Simon Scott follows up his superb full-length for Miasmah, Navigare, with four pieces that were written near the end of the album's sessions but weren't quite finished by the time of its deadline. So if Traba (issued in a run of 500 vinyl copies), which Scott completed at his o3o3o Studio in Cambridge during summer and fall of 2009, sounds like an extension to the album, it's only natural that it should. As before, Scott uses processing techniques to transform field recordings, instrument sounds, and vocals to such radical degrees that one is rarely able to identify the individual components after they've become part of the tracks' immense swells of ambient sound.
“She Came From the Sea” begins the mini-album like a floodgate bursting open. For five minutes, dense masses of processed materials sway, as if in imitation of immense ocean waves, in a powerful headrush whose contents remain largely camouflaged (keening melodies are faintly discernible amidst the crackle and vapours) until the track's closing half-minute when layers peel back to reveal the presence of orchestral elements in all their clarity. In its opening minutes, the slightly less turbulent “The Water Loop” breathes more peacefully as Scott manipulates a Max/MSP-manipulated loop into a lulling reverberant mass of choral design. However, a subtle mood shift occurs halfway through that sees a hint of menace and threat spread across that calm like a virus. The longest piece at eight minutes, “Lamina” (composed while Scott experienced a short bout of tinnitus that led to him having a brain scan) melds processed acoustic instruments with outdoors field recordings and vocal samples into a huge, slow-burning fireball. A ringing drone, suggestive of the tinnitus effect, persists throughout until a tolling bell and gloomy theme announce the arrival of a funeral procession. In Traba's closing track, “An Avalanche,” a droning motif is repeatedly overwhelmed by an immense noise mass yet the tortured drone manages to claw its way back to life over and over again—the musical materials rendering in aural form the tragic events that inspired the piece: having come ashore after months at sea, Scott's uncle, a submarine officer in the British Navy, drank himself to near-death but before doing so was taken to a hospital where he was brought back to life before finally succumbing.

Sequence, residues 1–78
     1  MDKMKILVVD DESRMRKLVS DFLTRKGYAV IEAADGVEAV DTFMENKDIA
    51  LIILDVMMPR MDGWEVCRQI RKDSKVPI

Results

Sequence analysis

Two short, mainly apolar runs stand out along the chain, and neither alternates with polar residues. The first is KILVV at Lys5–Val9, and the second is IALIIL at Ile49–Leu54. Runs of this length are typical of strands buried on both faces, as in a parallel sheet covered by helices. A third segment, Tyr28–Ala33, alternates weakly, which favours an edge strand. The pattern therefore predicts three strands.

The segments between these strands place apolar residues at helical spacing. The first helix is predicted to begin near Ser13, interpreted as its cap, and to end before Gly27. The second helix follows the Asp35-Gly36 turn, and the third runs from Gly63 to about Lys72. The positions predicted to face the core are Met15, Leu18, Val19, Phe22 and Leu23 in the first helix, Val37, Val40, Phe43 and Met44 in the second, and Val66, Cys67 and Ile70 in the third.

Now that exceptional releases like Navigare and Traba are a part of Scott's discography, maybe the Cambridge-based artist will no longer find himself being identified as an ex-Slowdive drummer but rather as the forward-thinker responsible for such memorable productions, in addition to his role as overseer of the KESH recordings imprint, Seavault member (in partnership with ISAN's Anthony Ryan), and The Sight Below contributor (on stage and to the recent full-length It All Falls Apart).